Glycopyrronium bromide for chronic obstructive pulmonary disease

  • Protocol
  • Intervention



This is the protocol for a review and there is no abstract. The objectives are as follows:

To critically appraise the efficacy and safety of glycopyrronium bromide, in terms of objective and subjective measures, in patients with COPD.


Chronic obstructive pulmonary disease (COPD) is a preventable and treatable lung disease characterised by progressive airflow limitation that is not completely reversible (GOLD 2013). COPD generates high healthcare costs and contributes a significant burden of illness (Halbert 2006) . In the recent Global Burden of Disease Study 2010 (GBD 2010), a large systematic project describing global disease distribution, COPD was ranked the 9th greatest contributor to global burden of disease (Murray 2012). Furthermore, COPD was ranked the 3rd largest cause of death, worldwide (Adair 2012; Lozano 2012). COPD is, therefore, an important disease globally, and effective, safe interventions are vital.

Description of the condition

Chronic airflow limitation is characteristic of COPD (GOLD 2013). Pathologically, chronic airflow limitation can result from processes involving the large airways (chronic bronchitis), small airways (bronchiolitis) and parenchyma (emphysema) (Kim 2013). Chronic bronchitis is defined clinically as daily sputum production for at least three months of two of more consecutive years, while emphysema is a pathological diagnosis characterised by dilation and destruction of alveoli (McKenzie 2012).

In emphysema, destruction of elastic alveolar attachments, connecting small airways to lung parenchyma, decreases the lung's elastic recoil and reduces the radial traction that allows respiratory bronchioles to remain patent during expiration (Hogg 2009; Kim 2008). Destruction of alveolar attachments therefore results in airway collapse during expiration. Alveolar wall destruction and remodelling of pulmonary vessels also reduces the surface area available for gas exchange, causing a mismatch between ventilation and perfusion and resultant hypoxaemia. The pathology of chronic bronchitis involves hypersecretion of mucus in the large airways, associated with the classical findings of submucosal hypertrophy and goblet cell proliferation (Kim 2013).

Description of the intervention

Glycopyrronium bromide, an anticholinergic quaternary ammonium, is a long-acting muscarinic antagonist (Vogelmeier 2011) that has been previously used to decrease pharyngeal and salivary secretion. Autonomic control of airway function is primarily mediated by parasympathetic tone. In lung, glycopyrronium acts by blocking parasympathetic innervation of bronchial smooth muscle, decreasing bronchoconstriction (Haddad 1999). Early pharmacological trials of glycopyrronium demonstrated superior selectivity for muscarinic receptors over the currently used long-acting muscarinic antagonist, tiotropium. Glycopyrronium preferentially binds to excitatory M1 and M3 receptors (Gomez 1995), while tiotropium binds at a greater rate inhibitory M2 receptors (Fuder 1993; Sykes 2012). Inhibitory M2 receptors are found both on pre-synaptic neurons and post-synaptic airway smooth muscle (Belmonte 2005). M2 receptors are also found in cardiac tissue, explaining why glycopyrronium has been found to produce fewer cardiac side-effects, such as tachycardia and arrhythmias (Buhl 2012; Cooper 2006; Trifilieff 2007).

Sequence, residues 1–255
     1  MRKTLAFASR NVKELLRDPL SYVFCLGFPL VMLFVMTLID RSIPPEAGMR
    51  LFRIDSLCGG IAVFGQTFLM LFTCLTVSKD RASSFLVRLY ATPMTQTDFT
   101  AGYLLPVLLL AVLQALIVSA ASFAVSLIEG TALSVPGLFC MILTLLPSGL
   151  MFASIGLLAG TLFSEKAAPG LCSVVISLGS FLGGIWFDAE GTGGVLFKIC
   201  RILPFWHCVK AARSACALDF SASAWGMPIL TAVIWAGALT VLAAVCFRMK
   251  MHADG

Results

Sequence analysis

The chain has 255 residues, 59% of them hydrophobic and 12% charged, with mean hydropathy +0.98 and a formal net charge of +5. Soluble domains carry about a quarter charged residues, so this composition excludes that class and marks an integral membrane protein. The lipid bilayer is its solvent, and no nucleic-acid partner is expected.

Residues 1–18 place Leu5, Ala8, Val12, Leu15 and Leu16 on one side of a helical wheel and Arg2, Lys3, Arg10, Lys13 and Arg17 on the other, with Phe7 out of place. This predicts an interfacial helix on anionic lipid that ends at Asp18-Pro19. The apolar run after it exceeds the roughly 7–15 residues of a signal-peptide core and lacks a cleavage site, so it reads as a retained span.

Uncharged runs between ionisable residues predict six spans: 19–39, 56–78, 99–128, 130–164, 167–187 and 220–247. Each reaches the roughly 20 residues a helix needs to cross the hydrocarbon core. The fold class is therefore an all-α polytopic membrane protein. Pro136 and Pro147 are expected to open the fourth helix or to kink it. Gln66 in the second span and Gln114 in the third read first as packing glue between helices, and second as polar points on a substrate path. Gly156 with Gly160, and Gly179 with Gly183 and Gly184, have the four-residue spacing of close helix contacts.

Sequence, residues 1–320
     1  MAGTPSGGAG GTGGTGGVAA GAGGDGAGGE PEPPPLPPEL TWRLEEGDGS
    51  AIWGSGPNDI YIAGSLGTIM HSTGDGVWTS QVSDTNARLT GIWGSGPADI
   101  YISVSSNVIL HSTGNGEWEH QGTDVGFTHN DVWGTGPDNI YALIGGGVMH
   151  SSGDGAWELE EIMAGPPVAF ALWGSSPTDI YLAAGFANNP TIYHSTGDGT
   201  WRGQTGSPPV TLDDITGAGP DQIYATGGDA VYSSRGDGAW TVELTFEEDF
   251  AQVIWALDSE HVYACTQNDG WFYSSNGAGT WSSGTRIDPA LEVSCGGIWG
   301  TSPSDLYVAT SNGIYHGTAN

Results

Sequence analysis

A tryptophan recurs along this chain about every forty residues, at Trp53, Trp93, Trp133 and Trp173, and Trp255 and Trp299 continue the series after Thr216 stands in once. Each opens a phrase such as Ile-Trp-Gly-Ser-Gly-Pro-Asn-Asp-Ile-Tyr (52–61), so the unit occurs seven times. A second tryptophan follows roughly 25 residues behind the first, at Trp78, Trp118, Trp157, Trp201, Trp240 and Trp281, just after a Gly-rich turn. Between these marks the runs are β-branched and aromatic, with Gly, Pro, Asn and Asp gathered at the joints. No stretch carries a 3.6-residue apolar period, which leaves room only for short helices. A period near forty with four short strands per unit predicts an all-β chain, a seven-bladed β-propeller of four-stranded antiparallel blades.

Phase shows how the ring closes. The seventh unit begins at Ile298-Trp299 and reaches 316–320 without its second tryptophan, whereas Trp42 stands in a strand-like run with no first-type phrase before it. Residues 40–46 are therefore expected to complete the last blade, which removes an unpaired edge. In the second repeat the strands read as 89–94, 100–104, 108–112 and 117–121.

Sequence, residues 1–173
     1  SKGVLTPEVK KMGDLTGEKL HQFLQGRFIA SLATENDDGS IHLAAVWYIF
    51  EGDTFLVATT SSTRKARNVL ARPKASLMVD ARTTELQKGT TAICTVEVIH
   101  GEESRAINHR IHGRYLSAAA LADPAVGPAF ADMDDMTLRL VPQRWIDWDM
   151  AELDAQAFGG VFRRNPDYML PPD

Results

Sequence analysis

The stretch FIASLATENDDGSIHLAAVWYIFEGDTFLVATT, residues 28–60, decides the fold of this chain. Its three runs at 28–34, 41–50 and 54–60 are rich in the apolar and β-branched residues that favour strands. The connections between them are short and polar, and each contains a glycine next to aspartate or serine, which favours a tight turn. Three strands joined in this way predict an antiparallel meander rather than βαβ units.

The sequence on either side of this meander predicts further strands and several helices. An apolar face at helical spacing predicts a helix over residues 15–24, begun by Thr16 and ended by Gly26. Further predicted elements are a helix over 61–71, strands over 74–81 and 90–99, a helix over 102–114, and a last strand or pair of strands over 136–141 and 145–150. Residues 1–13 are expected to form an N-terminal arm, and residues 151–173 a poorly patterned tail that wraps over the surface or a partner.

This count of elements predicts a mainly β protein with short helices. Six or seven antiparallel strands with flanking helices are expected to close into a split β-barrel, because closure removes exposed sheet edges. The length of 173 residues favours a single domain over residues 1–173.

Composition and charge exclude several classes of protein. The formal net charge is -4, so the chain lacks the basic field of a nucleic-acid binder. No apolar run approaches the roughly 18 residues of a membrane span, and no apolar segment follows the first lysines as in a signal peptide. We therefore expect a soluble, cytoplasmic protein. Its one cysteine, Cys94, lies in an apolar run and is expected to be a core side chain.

How the intervention might work

The principles of management of COPD according to the Australian COPD-X Guidelines are to confirm the diagnosis of COPD and assess severity, optimise lung function, prevent deterioration and develop support networks and self-management skills (McKenzie 2012). Pharmacological aims include relief of symptoms, reduction in exacerbations, improvement of health status and increasing exercise tolerance. Bronchodilators are central to the management of COPD as they relieve dyspnoeic symptoms and have been shown to improve exercise tolerance and quality of life (Appleton 2006; Chong 2012).

Dyspnoea is the most common symptom of COPD and a common reason for COPD patients initially seeking medical attention (ZuWallack 2004). Long-acting bronchodilators produce significant improvements in lung function, dyspnoea, exercise capacity and quality of life in COPD patients, through a reduction in hyperinflation (Beeh 2002; Wedzicha 2012).

Acetylcholine acts on airway smooth muscle and sub-mucosal glands within lung, acting via M3 receptors, resulting in bronchoconstriction and mucus production (Roffel 1990). However, a local negative feedback pathway for acetylcholine release exists, utilising presynaptic M2 receptors (Beeh 2002; Meurs 2013). Therefore, blocking M1 and M3 receptors reduces bronchoconstriction, while blocking M2 receptors may increase acetylcholine release opposing the bronchodilatory effect. Thus, a drug with M1 and M3 selectivity, such as glycopyrronium, theoretically maximises bronchodilation.

Why it is important to do this review

COPD has significant impacts on morbidity and mortality, particularly in patients with moderate to severe COPD. The use of glycopyrronium bromide as an inhaled medicine has the potential to increase the range of clinically useful pharmacological interventions for patients with COPD. Knowledge about the efficacy and safety of glycopyrronium bromide will guide therapeutic decision-making for physicians treating patients with COPD.


To critically appraise the efficacy and safety of glycopyrronium bromide, in terms of objective and subjective measures, in patients with COPD.